OXFORD, United Kingdom — People who work with their hands may have more job security in 2023 than those who rely on technology. A leading expert in the field of artificial intelligence explains that those who engage in manual labor — including plumbers, construction workers, and carpenters — are likely safe from the expansion of AI. Unfortunately, many call center staffers could be unemployed as bots take over these jobs.
Professor Michael Wooldridge from the University of Oxford says anyone using “dexterity” for their job won’t be replaced by artificial intelligence. However, employees who perform duties like taking phone calls “should be concerned,” the director of foundational AI research at The Alan Turing Institute says.
His statements follow a boom in investment into AI-powered systems by major global tech companies such as Meta (formerly Facebook). Despite that, Prof. Wooldridge says the technology is far from capable of performing manual labor roles.
“Weirdly, for a lot of jobs which require manual dexterity, such as working as a plumber or carpenter, the technology is nowhere near ready to replace them,” Prof. Wooldridge says in an online video. “I wouldn’t be losing sleep if you are in manual jobs.”
Prof. Wooldridge adds that the “importance of people” in carrying out a lot of jobs has been underestimated by modern society, but AI could help public institutions like the National Health Service in the United Kingdom.
“There is an awful lot of jobs which really require human understanding and having a human there is really quite important. I’m not as pessimistic about AI and jobs as some of the press has indicated,” the professor continues.
“In Oxford, we have lots of people analyzing fetal scans and using AI to spot abnormalities on fetal ultra-sound scans. It is one example of the huge range of technologies which are going to make people’s lives better.”
However, Prof. Wooldridge did not hold back from warning that the new technology would be a “disruptive force.” He also says that those working in call centers should be concerned as these jobs are “easily automatable.”
“One class of jobs I would be worried about in the next decade would be call center operators. There are hundreds of thousands of people in the UK who are employed in call centers. If your job is to understand what people are telling you but you are more or less following a script that you’ve been given, then that kind of job is quite vulnerable.”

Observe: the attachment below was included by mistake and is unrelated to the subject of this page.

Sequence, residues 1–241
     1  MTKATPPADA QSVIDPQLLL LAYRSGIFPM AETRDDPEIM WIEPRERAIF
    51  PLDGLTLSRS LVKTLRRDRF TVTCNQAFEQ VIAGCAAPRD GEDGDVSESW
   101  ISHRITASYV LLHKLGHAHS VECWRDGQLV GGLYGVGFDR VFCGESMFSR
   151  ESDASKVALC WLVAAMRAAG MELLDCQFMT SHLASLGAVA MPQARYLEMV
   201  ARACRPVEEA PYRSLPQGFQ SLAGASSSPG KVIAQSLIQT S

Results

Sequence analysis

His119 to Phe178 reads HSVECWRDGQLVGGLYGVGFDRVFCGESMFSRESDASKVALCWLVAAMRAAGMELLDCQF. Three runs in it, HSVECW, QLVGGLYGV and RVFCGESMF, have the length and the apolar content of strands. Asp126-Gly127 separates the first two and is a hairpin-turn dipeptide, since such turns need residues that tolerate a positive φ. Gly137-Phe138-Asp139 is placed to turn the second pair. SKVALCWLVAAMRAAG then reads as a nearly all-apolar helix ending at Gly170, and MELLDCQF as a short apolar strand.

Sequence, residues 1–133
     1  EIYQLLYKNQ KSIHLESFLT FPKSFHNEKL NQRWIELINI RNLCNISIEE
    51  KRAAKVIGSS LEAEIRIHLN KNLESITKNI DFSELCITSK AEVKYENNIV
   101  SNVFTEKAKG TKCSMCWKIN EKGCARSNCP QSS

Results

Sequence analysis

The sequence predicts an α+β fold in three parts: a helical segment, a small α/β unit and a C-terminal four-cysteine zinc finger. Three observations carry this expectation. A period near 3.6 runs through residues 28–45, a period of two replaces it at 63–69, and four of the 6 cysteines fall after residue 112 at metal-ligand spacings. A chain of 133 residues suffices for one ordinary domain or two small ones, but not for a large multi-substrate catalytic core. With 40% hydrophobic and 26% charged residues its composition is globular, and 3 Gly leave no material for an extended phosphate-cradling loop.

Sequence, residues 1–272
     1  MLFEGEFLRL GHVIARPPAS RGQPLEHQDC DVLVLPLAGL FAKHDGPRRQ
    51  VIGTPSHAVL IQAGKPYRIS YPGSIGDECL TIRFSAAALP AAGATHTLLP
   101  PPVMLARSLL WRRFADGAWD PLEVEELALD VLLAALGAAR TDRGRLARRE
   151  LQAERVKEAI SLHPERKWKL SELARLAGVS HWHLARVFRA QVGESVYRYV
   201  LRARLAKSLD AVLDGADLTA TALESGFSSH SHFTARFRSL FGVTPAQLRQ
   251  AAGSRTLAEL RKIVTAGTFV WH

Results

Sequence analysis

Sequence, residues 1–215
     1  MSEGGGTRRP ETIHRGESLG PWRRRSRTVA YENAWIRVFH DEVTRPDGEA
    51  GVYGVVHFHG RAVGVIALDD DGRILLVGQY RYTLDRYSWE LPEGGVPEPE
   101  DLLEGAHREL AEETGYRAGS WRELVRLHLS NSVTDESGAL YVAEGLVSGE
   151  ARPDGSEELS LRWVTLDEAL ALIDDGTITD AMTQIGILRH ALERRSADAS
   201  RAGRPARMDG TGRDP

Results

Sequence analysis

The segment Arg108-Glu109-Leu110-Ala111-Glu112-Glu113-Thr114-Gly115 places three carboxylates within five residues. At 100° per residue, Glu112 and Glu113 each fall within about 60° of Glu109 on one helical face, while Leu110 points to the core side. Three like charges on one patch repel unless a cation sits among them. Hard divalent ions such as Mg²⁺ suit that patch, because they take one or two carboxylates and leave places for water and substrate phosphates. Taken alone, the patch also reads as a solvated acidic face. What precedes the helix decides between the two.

Are robots really driving workers to an early grave?
A 2022 study found a link between automation of U.S. manufacturing and an increased mortality rate among working-class adults. Automation is partially responsible for a decline in U.S. manufacturing jobs. Prior research has estimated a loss of 420,000 to 750,000 jobs during the 1990s and 2000s, most of which were manufacturing jobs.
The team tracked U.S. industries transitioning to automation between 1993 and 2007. Then, they overlapped these trends with U.S. death-certificate data over the same time period to estimate the mortality rate of working-age adults in those counties and how they died.
For every industrial robot per 1,000 workers, there were about eight more deaths per every 100,000 males between 45 to 54. There were also four additional deaths per 100,000 females in the same age group.
Is the ‘robot takeover’ really coming?
While Prof. Wooldridge and other researchers see jobs that will likely become strictly for robots, one recent study suggests that the rumors of humanity’s defeat at the hands of automation have been greatly exaggerated — at least for now.
BYU sociology professor Eric Dahlin reports that robots are indeed taking jobs from humans, but at a much lower rate than most assume. Researchers add that people are generally quick to severely exaggerate the rate of robot takeover.
More specifically, study authors found that only 14 percent of workers in their study have lost their job to a robot. However, these individuals are also more likely to overestimate the prevalence of robots taking jobs from other humans by about three times.
South West News Service writer Ed Halford contributed to this report.